Like any product in active development, Shortcut has been adding features at a steady clip since we launched last year. We’ve shipped several large features like Milestones and Reports, and hundreds of smaller features that add up to an improved user experience and an improved product.
One of the challenges of an expanding feature set is that it can create structural problems that a design wasn’t originally built to solve. At some point, the design needs to be revised so it can support all existing requirements, and provide a stable foundation for future changes.
On the other hand, changing a design can be risky — especially when it’s already in the hands of your users. Modifying one element might lead to modifying another group of elements to keep things cohesive, users are sensitive enough that even a minor change can disrupt their workflow, and rolling out changes too frequently can cause users to develop a frustration with the product that is difficult to shake.
If there’s one thing people hate, it’s having to get used to something new when they already learned how to use the old version.
So why did we redesign the Story view, one of the core UI elements in Shortcut? There are a number of reasons, but a screenshot comparison might explain it best:
By popular demand, Story owners are now represented as avatars instead of as initials. It’s a little less compact, but avatars are much easier to differentiate at a glance, and it’s now consistent with how we display owners of Tasks and Epics.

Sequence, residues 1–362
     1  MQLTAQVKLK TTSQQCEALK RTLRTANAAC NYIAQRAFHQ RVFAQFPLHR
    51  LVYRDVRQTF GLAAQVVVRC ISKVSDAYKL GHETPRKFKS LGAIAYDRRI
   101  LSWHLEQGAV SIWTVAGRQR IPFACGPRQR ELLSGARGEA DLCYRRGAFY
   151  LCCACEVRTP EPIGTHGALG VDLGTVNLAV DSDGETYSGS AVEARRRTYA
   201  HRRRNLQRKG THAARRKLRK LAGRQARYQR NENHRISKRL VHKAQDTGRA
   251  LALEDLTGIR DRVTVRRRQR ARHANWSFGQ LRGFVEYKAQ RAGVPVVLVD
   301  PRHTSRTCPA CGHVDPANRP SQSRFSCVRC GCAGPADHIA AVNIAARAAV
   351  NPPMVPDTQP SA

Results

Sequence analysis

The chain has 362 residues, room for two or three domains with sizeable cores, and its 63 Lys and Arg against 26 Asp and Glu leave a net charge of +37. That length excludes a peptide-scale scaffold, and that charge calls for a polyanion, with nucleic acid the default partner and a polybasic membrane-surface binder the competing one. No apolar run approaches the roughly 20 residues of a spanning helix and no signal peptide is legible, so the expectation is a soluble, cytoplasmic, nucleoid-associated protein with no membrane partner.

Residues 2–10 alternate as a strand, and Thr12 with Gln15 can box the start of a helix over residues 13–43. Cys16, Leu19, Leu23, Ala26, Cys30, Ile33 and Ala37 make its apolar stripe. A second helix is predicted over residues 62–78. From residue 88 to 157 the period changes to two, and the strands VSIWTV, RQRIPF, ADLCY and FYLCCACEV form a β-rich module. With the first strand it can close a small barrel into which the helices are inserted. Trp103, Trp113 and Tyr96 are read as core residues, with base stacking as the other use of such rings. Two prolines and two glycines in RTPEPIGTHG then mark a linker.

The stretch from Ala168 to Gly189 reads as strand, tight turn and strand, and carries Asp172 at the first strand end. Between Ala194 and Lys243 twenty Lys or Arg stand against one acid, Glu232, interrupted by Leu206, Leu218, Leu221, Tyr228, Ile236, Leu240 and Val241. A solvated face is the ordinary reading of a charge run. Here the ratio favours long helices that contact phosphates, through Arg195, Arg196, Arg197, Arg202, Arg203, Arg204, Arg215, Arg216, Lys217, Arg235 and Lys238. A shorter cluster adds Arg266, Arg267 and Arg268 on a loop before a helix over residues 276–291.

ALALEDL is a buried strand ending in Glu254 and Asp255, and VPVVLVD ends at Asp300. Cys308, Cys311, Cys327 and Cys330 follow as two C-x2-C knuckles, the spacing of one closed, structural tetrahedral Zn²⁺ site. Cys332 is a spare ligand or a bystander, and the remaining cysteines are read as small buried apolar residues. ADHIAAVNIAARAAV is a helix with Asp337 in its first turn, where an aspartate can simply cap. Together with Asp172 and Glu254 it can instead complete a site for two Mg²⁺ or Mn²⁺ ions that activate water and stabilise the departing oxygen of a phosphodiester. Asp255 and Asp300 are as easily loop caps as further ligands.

We’ve also created a general-purpose “badge” component that we’re using to describe things like blocked relationships, estimates, due dates and labels in a visually cohesive way. In the original design, each type of data had a slightly different visual treatment, since many of those types were added at different points in time.
The sum of these changes are that Stories are now more scannable and visually cohesive. We believe that after using the new design for a couple of days, you’ll cringe if you see the old design (which is incidentally a good litmus test for how well a new design is working).
While most of the front-end development was straightforward, one aspect of the new layout proved to be a little tricky: allowing badges to be aligned bottom-left, and avatars bottom-right, while allowing both to share the same space efficiently.
I won’t explain the solution in this post, but here is a simplified version on CodePen that demonstrates how the layout handles the different cases that come up.
This layout handles most cases pretty well. The one exception is the last case in the screenshot above, where the users overflow to two lines and become left-aligned, which can happen if a Story has six or more owners. As part of the design process, we looked at the data and found that 99.98% of all Stories have less than six owners, leaving only 0.02% of all Stories that wrap. Given that, this rendering flaw is not a big deal.
The distribution of all Stories by owner count in Shortcut. Stories with 12 owners actually do exist!
That is why it’s worth looking at actual data when making design decisions: not to let the data make decisions for you (as you might with an A/B test), but to validate and challenge the natural intuition you rely on as a designer.